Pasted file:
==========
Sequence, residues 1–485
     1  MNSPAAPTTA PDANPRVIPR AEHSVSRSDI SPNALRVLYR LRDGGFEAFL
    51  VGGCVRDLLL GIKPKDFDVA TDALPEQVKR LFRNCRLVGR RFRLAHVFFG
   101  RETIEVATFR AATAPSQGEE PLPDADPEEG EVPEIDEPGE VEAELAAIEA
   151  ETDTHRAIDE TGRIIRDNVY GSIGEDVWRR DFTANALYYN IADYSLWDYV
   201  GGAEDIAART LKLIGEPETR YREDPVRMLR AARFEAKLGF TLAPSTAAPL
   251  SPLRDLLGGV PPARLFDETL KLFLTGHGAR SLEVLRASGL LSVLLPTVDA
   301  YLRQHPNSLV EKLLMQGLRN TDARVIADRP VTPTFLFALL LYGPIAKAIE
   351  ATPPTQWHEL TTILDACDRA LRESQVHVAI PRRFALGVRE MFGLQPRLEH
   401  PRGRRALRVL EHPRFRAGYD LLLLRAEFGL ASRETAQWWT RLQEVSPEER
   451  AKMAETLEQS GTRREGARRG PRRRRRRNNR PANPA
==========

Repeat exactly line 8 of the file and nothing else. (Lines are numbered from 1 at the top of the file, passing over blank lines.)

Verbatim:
   301  YLRQHPNSLV EKLLMQGLRN TDARVIADRP VTPTFLFALL LYGPIAKAIE